Optimising the use of plastic protective covers in field grown melon on a farm scale

  • Paolo Benincasa | paolo.benincasa@unipg.it Università di Perugia, Dipartimento di Scienze Agrarie ed Ambientali, Perugia, Italy.
  • Andrea Massoli 3A-PTA Parco Tecnologico Agroalimentare dell’Umbria, Pantalla di Todi (PG), Italy.
  • Livia Polegri 3A-PTA Parco Tecnologico Agroalimentare dell’Umbria, Pantalla di Todi (PG), Italy.
  • Luciano Concezzi 3A-PTA Parco Tecnologico Agroalimentare dell’Umbria, Pantalla di Todi (PG), Italy.
  • Andrea Onofri Università di Perugia, Dipartimento di Scienze Agrarie ed Ambientali, Perugia, Italy.
  • Francesco Tei Università di Perugia, Dipartimento di Scienze Agrarie ed Ambientali, Perugia, Italy.

Abstract

This in-farm research study was aimed at evaluating new strategies in the use of plastic protective covers in field grown melon in order to expand the production period and reduce costs. Four experiments were set up in 2010 and repeated in 2011 in Central Italy, in an inland region with a temperate climate. We evaluated: i) the use of high tunnels for two growing cycles per year, i.e. for very early and very late production (target transplanting in late winter and mid-summer, respectively), for either one year or two consecutive years, and the use of grafted plants in the second year as an alternative to normal plants to prevent soil born diseases; ii) the use of ethylene-vinyl-acetate film low tunnels alone or combined with non-woven floating row covers for transplanting in early spring; iii) the use of non-woven low tunnels for transplanting in mid-spring; iv) the use of biodegradable and conventional polyethylene ground mulch films, both in the presence of nonwoven low tunnels. As far as the non-woven cover is concerned, we adopted the strategy of removing later with respect to usual practices, i.e. ten days after the onset of first pistillate flowers. This was based on the evidence that covers hamper honeybee circulation, which may be exploited on a farm-scale to delay pollination until an adequate number of pistillate flowers set, in order to shorten scaled fruit ripening and harvest. Our results demonstrate that high tunnels may be used for at least four consecutive melon growing cycles (early and late productions for two years) with good off-season yields and no appreciable drawbacks in terms of disease scale-up, irrespective of the use of normal or grafted plants. The non-woven low tunnel was effective in hampering honeybee circulation and its delayed removal allowed the harvest period to be halved, a more uniform fruit size to be obtained, and labour productivity of harvest to be increased. This had positive implications on the management of irrigation and chemical disease control close to the harvest period, and on the management of harvest and post-harvest operation schedules, including fruit processing, packaging and delivery to markets. In the presence of a non-woven low tunnel, there was no substantial difference in the biodegradable mulch compared to other mulches in terms of effects on harvest dates, yield and weed control, so that its use can be cost-effective and convenient provided that costs are not higher than those for traditional polyethylene films and their usage/disposal.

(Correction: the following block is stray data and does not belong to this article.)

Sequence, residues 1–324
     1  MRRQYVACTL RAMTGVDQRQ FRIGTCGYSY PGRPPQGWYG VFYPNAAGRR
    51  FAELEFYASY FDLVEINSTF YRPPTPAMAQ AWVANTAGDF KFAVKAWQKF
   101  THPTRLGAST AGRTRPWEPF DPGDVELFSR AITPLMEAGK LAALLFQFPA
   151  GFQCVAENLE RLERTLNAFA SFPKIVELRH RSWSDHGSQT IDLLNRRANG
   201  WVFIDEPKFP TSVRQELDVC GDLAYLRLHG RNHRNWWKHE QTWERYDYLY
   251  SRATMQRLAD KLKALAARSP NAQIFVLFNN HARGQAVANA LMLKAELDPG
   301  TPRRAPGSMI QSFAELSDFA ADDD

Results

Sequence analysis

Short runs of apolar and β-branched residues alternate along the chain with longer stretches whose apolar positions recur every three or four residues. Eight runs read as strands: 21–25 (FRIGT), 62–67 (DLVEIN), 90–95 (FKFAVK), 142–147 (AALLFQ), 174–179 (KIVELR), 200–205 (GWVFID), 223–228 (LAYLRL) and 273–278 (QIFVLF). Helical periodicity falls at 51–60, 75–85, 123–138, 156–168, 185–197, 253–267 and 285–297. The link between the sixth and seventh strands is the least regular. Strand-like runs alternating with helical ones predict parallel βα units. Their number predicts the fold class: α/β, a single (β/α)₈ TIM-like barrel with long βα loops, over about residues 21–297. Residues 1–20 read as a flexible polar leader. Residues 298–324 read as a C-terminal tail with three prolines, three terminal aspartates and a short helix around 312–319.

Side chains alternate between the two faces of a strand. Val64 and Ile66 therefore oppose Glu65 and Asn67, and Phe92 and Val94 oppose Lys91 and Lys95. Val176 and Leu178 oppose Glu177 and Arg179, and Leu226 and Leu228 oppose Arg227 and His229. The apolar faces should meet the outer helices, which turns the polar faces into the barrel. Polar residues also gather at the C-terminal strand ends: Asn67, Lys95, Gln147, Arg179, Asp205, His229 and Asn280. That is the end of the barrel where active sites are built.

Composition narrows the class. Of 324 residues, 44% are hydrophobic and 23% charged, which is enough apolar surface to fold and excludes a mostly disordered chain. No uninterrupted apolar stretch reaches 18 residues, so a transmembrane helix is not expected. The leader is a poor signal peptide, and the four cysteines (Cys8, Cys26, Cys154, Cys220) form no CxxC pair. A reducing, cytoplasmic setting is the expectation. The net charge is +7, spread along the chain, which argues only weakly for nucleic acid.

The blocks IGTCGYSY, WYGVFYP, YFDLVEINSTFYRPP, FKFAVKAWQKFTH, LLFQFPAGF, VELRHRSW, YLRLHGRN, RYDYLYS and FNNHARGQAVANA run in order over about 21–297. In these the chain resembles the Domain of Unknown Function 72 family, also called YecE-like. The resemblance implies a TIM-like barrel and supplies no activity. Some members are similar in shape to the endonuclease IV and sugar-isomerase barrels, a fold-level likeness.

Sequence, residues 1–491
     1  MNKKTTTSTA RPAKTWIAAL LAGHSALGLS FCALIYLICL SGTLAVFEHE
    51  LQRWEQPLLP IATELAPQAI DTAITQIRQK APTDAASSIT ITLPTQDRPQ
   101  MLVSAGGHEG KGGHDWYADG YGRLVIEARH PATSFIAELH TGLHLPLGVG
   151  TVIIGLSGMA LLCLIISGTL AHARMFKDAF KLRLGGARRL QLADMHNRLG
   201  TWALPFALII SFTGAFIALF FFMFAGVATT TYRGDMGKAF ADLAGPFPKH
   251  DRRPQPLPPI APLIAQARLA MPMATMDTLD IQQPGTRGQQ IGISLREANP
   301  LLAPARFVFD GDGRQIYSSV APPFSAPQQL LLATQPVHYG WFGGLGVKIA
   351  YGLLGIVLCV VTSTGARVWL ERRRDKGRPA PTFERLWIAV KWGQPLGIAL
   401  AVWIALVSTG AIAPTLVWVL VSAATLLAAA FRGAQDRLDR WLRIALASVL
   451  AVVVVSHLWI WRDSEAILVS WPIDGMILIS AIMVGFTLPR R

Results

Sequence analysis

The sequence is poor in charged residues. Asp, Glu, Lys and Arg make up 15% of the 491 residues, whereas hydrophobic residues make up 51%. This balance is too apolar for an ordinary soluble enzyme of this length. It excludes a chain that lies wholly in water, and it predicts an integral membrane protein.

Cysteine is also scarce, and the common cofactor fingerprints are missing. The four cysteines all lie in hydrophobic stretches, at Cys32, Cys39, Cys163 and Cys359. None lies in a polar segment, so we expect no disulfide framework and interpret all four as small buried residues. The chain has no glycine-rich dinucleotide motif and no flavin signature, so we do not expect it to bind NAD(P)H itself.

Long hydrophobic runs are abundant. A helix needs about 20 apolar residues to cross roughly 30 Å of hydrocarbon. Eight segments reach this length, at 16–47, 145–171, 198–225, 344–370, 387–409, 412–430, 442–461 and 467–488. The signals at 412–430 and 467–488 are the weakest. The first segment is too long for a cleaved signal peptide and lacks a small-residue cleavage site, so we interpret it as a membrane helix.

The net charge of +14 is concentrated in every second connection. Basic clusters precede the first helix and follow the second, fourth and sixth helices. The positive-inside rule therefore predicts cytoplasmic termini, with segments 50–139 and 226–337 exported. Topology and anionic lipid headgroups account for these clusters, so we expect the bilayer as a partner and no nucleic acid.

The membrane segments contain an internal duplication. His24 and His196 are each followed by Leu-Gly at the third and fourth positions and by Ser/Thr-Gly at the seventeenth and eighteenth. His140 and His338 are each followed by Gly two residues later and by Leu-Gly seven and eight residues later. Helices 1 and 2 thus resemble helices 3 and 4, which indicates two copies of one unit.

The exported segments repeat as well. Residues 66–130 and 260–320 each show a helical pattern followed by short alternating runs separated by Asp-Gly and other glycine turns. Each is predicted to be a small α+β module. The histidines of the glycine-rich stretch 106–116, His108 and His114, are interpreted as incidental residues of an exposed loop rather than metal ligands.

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Published
2014-01-22
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Original Articles
Keywords:
tunnel, row cover, mulch, non-woven, ripening, harvest.
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How to Cite
Benincasa, P., Massoli, A., Polegri, L., Concezzi, L., Onofri, A., & Tei, F. (2014). Optimising the use of plastic protective covers in field grown melon on a farm scale. Italian Journal of Agronomy, 9(1), 8-14. https://doi.org/10.4081/ija.2014.556